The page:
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If you’d like to contact Gloria, here are her social network links:

FaceBook: http://tinyurl.com/Gloria-Antypowich-Author-Page
Twitter: https://twitter.com/glantypowich
My webpage is http://gloriaantypowichauthor.com/home/
My Blog: http://gloriaantypowich.com/blog/
GoodReads: http://tinyurl.com/goodreads-Gloria-Antypowich
Linkedin: http://tinyurl.com/Linkedin-Gloria-Antypowich

Purchase link:

My books on Amazon: http://tinyurl.com/Gloria-Antypowich-Amazon

Buy One Get One Half Price At Gatwick Airport

Or What Motivates Me To Buy A Paperback…

I rarely buy paperbacks anymore, as I mostly read on my kindle, but there’s one place I always buy tactile books (I refuse to say ‘real books’ all my ebooks are real!), and that’s at airports.

Yesterday I returned home from London after almost a week away from home with my children and grandchildren. Our short stay at Gatwick Airport wasn’t easy with three buggies, three grandchildren under four, six pieces of hand luggage three stressed parents, and two bewildered grandparents, but I managed to get away for ten minutes and run to the nearest bookshop.

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Three Generations in Rainy London Last Week

 

The dilemma, how to decide which of the hundreds, no thousands, of books available to choose? Buy one and get one half price, good idea, so I’ll get two, but which ones?

Half the fun is looking for them. I don’t know if everyone does it the way I did, but my process was the following. First the front cover: the title, the cover art, the author’s name, prizes, bestseller component, all counted. Secondly, the back cover for the gist of the story. Thirdly, the first few pages (I mean before the novel actually starts), and fourthly the first page for the feel of it. Amazingly, all this happens in a matter of minutes.

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I had various books in my hand and went through the above ritual, until I finally settled for two novels. The first was the latest by Nicholas Sparks, The Longest Ride. I’m an incurable romantic, I loved The Notebook, so after going through the four stages mentioned, I knew I’d love this book. I loved Mr. Sparks five pages of acknowledgements. He thanked almost seventy people, from his wife to his agent, editor, publicist, friends, family, accountant, readers, etc. for their support in writing this, his seventh novel. Everyone who has ever published a novel knows this is true, there are too many people to name, but he did so, and that says a great deal about the man who wrote the book.

I managed to read about a third of The Longest Ride on the plane, and I’m very glad I bought it, because I’m dreading putting it down, but I’m afraid I’ll have to put it on hold for a couple of days because tomorrow it’s back to work and back to A-Z Blogging Challenge!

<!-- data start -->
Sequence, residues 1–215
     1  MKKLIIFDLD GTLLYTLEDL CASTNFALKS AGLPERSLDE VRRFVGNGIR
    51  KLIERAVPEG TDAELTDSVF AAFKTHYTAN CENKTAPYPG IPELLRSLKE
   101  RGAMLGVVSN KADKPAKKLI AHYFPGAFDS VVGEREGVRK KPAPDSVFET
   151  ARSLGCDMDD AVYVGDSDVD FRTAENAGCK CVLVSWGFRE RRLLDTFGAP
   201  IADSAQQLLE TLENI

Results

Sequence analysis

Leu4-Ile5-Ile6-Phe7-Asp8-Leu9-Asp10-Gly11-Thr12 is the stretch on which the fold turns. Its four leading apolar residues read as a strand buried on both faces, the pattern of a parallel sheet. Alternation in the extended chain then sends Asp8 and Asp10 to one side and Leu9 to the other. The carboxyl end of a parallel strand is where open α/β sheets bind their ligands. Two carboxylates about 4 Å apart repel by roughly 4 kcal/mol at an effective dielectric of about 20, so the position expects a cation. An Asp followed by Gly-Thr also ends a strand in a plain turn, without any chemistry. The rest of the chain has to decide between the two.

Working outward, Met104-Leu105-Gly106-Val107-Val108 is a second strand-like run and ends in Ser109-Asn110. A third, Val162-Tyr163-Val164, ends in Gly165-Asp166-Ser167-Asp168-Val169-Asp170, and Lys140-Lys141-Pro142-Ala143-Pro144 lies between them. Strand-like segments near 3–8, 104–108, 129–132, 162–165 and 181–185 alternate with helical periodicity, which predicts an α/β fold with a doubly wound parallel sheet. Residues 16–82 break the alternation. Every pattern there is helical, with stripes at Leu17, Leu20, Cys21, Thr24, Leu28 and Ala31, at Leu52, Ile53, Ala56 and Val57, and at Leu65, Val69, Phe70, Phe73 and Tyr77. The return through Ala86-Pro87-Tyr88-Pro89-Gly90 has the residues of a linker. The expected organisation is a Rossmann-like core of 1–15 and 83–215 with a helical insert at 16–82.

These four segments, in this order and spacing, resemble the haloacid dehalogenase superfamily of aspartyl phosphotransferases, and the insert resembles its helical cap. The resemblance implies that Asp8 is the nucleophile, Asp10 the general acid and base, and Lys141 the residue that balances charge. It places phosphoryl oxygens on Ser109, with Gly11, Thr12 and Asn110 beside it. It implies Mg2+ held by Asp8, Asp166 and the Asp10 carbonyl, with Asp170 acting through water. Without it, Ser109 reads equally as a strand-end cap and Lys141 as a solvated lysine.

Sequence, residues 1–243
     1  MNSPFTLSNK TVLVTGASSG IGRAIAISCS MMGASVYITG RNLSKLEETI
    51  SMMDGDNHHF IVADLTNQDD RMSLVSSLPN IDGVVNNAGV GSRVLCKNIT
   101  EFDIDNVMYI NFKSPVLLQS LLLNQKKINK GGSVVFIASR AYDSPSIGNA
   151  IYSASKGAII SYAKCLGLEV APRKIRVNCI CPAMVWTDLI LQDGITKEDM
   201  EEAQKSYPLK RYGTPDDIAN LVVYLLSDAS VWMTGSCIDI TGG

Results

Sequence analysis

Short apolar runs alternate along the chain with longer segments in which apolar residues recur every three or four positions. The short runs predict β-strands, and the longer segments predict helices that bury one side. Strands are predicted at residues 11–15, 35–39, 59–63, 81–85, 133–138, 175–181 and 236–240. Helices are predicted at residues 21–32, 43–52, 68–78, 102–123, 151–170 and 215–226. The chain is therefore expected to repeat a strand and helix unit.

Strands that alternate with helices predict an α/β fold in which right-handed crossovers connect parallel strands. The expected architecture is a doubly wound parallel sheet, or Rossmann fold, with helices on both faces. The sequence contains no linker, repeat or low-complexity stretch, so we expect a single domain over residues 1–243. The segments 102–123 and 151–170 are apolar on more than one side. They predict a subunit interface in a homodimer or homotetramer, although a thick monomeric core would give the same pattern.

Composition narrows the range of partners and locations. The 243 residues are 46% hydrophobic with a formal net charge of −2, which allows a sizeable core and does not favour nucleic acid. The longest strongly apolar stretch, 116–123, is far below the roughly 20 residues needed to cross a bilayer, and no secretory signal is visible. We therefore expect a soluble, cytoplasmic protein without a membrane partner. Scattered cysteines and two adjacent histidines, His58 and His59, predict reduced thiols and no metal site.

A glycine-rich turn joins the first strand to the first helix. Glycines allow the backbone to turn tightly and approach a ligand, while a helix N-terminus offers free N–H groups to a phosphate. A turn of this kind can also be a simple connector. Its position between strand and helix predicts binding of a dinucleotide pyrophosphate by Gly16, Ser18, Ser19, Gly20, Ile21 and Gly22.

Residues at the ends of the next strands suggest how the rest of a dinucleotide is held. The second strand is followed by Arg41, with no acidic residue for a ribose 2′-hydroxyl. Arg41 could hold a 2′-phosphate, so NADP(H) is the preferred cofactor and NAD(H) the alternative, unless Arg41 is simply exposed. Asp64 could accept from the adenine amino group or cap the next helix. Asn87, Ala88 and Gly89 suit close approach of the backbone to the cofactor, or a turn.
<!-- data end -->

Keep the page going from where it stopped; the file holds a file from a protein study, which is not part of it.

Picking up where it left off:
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The other book I chose was Miss Carter’s War, by Sheila Hancock. I loved the cover, the red dress and those red peep-toes, so irresistibly vintage. When I realised that it was about a teacher in postwar Britain, and saw it compared to the Prime of Miss Jean Brodie, the decision was made. Muriel Spark was my literary idol for years, and the 1950s have always fascinated me. My parents arrived in London in the 1950s and used to tell me about life at the time. I was born in 1959, on Seven Sisters Road, in North East London, so I feel almost a postwar baby, and certainly a fifties baby! The swinging sixties, also bring a melancholic smile to my eyes: the Beatles, the mini, Twiggy, Mary Quant. I’ll never forget the shock of seeing my friends get short bobs a la twiggy. I was so proud of my long hair, I would never go that far, but I did wear mini skirts and hot pants in the seventies!

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British Model Twiggy 1966

 

If you know what you like and what you want to read, it’s easy to choose and hard to get it wrong. I was lucky enough to find two great books. There were several others, including crime novels, which caught my eye and were actually caressed by my longing fingers for a few minutes, but in the end I chose something less stressful and closer to my romantic and melancholic heart.

I’ll let you know how my reading progresses shortly.

What motivates you to buy a paperback?

Book Review: Death on a Dacron Sail by Noelle Granger

Death in a Dacron Sail (Rhe Brewster Mysteries Book 2)

Death in a Dacron sail is the type of book I love to read. It’s the second installment of the Rhe Brewster series. Read my review of Death in a Red Canvas Chair, the first in the series, posted a few months ago.

The plot of Death in a Dacron Sail is again tightly woven with plenty of forensic information given by our nurse and amateur sleuth narrator. This time Rhe is helping with an unpleasant crime involving a missing child. There is plenty of fast-paced action and suspense, in spite of the idyllic small town location, and there are many surprises and twists, making it a gripping page turner.

It’s also very well written. The prose flows so smoothly that it is a pleasure to read.